The Harmonic Minor Scale
Learn How To Play The Harmonic Minor Scale on Guitar
E Harmonic Minor Scale - 1 octave fingering
The harmonic minor scale is not your normal western sounding scale! It has one simple semitone difference that immediately gives it harmonies that are not in the normal seven musical modes.
This extra dissonance leads it to sounding like an Arabic scale and creating difficult chords to play over.
Did you know? There also exists a scale named Harmonic Major Scale
How do you play the harmonic scale?
The first place to start is with our natural minor scale or known modally as Aeolian, which is built on the 6th degree of the major scale.
- Ionian - C
- Dorian - D
- Phrygian - E
- Lydian - F
- Mixolydian - G
- Aeolian - A
- Locrian - B
The relative minor to a C major is A minor and an A Aeolian or A natural scale is
A B C D E F G A
Giving us the formula of:
It is a very common scale and one you should be familiar with as it works great over most minor chords. The harmonic minor scale has the same notes except the seventh is raised, giving it the final formula of
This is an important distinction as that raised 7th creates a leading tone and all kinds of new harmonic possibilities. Try playing the A harmonic minor scale to get a feel for it, you may notice it has a Middle Eastern flavor. It was once known as the Mohammedan scale as it has similarities to Arabic music scales.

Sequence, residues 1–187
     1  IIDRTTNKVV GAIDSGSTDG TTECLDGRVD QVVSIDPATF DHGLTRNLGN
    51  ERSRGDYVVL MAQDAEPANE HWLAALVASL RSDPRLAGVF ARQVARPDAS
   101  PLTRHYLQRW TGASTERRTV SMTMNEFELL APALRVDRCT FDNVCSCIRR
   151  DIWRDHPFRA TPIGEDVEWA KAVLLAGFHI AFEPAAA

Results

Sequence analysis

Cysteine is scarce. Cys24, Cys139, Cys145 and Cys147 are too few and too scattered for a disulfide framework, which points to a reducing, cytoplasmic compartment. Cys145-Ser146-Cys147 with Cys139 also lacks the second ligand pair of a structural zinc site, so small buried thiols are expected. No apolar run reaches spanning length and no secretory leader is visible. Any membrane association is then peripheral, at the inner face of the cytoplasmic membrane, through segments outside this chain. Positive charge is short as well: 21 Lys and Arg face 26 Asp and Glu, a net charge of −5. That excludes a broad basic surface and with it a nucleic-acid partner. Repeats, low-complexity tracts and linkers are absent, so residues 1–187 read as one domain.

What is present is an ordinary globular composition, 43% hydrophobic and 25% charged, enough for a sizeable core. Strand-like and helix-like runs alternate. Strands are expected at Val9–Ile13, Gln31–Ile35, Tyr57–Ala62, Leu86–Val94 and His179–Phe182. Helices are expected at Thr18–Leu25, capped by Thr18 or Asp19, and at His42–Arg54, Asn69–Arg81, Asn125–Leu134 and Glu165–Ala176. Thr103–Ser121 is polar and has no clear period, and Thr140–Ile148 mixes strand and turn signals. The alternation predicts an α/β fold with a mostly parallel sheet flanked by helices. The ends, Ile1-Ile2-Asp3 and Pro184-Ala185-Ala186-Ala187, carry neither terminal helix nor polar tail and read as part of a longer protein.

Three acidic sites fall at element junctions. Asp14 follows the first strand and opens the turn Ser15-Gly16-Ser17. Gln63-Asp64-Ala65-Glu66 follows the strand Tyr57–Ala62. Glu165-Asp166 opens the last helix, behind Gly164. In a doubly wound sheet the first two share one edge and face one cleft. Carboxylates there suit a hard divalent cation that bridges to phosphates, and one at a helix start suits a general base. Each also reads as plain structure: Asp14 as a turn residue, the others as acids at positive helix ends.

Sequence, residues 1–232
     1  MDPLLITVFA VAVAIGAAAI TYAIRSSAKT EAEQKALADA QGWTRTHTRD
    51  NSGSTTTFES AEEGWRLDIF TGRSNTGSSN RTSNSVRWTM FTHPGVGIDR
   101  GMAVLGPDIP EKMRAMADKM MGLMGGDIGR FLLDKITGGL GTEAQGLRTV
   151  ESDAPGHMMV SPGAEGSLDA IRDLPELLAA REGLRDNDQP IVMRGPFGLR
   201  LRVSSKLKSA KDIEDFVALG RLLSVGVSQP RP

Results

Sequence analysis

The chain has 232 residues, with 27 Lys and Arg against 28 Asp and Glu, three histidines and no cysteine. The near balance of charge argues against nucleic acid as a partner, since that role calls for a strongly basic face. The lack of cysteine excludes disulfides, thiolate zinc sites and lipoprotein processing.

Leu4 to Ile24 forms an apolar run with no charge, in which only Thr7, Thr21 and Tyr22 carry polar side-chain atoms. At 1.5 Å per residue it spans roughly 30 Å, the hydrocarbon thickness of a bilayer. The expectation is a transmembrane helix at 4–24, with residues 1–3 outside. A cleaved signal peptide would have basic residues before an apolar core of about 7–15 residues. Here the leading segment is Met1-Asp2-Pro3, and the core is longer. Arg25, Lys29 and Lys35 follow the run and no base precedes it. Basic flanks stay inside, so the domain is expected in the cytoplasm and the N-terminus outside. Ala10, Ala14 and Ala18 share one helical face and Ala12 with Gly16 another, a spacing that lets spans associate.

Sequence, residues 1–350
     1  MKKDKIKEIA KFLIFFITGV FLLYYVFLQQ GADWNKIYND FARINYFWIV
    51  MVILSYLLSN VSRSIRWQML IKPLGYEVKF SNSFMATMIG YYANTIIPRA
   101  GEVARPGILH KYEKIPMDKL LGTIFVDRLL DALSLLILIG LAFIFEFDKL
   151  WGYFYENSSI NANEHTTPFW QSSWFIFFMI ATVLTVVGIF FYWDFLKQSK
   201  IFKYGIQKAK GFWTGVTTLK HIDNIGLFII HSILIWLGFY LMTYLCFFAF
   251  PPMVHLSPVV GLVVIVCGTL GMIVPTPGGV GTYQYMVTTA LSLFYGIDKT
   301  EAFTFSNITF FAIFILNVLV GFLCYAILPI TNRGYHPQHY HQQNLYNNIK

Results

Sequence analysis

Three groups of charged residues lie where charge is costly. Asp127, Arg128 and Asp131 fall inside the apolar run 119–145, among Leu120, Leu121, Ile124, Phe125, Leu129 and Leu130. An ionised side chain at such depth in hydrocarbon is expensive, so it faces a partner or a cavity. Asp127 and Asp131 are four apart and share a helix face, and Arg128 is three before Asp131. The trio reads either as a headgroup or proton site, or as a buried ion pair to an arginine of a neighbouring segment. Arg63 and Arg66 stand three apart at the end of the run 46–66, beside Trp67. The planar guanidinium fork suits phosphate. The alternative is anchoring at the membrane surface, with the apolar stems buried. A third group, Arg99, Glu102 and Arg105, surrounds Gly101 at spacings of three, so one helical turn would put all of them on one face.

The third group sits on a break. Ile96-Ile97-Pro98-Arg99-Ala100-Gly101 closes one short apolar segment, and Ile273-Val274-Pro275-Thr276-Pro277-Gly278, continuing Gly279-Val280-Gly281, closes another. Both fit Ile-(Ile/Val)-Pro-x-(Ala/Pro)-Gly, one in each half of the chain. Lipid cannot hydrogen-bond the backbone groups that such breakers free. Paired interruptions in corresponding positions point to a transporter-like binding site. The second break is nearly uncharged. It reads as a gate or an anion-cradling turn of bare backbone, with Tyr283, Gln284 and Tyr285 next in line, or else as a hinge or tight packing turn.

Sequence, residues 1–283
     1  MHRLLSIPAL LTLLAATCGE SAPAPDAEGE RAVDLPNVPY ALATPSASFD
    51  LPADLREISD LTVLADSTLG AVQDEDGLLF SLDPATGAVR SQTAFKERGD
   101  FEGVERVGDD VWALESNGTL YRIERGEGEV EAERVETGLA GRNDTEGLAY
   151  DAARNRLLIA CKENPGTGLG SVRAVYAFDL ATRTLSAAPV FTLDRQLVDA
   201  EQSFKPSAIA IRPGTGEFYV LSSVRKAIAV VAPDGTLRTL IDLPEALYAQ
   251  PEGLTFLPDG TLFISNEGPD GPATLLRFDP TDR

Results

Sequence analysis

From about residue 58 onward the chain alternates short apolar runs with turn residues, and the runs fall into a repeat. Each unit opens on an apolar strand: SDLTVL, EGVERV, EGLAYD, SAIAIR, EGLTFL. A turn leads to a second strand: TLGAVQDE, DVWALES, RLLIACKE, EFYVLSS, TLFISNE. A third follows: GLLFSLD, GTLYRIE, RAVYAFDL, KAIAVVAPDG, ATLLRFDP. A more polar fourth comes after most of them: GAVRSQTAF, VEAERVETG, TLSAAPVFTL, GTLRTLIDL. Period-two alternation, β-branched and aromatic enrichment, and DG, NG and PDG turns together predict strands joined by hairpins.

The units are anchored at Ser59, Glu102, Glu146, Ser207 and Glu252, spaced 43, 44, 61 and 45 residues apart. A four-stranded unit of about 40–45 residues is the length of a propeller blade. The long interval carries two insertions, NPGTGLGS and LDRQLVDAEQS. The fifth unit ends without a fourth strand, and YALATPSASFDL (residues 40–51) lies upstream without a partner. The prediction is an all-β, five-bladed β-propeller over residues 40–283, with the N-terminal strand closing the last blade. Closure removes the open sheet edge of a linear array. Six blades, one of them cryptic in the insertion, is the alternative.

There is also the melodic minor scale (1 2 b3 4 5 6 7 ascending) which raises the 6:
This may seem like too much information to take in, but it is important to understand the varieties of minor scales. They don't always exist exclusively in a song and in many cases are mixed. You will see a quick passing harmonic minor in many pop tunes, but it is brief.
While we are mentioning scale formulas try the Hungarian minor scale with a raised 4 (1 2 b3 #4 5 b6 7). It has more of an Eastern European feel.
These different kinds of minor scales will sometimes have multiple names as they are used all over.
Harmonic Minor Scale Guitar Patterns
Here below you can download a free pdf with the most common pattern for playing the harmonic minor scale.
For more diagrams, check my complete ebook Scales Over Chords.
Table with Notes in The Harmonic Minor Scale for all The Keys
Chords and Progressions for Harmonic Minor
Of course, your harmonic minor will not have the same applications as the natural, as our chords that we can make are changed quite a bit. That raised 7th has created more dissonance and made it harder to resolve, which makes it less popular among composers!
i ii(dim) III+ iv V VI vii (dim)
Yes, you are reading that right the III is augmented and the ii and vii are both diminished. A C harmonic scale will give us the chords
Cm Ddim Eb+ Fm G Ab Bdim
The most important part to takeaway is that our scale allows our V to be a dominant chord, like a V7. Despite the dissonance of the scale, it provides interesting ways to play around this dominant seventh.
This odd assortment of chords makes it perfect for playing over minMaj7 as they are made up of 1 b3 5 7 notes. If you have an imin(Maj7) then you will want to play a harmonic scale over it. The VI can be used as a maj7 and the diminished can both be used with a 7th like m7b5 or dim7.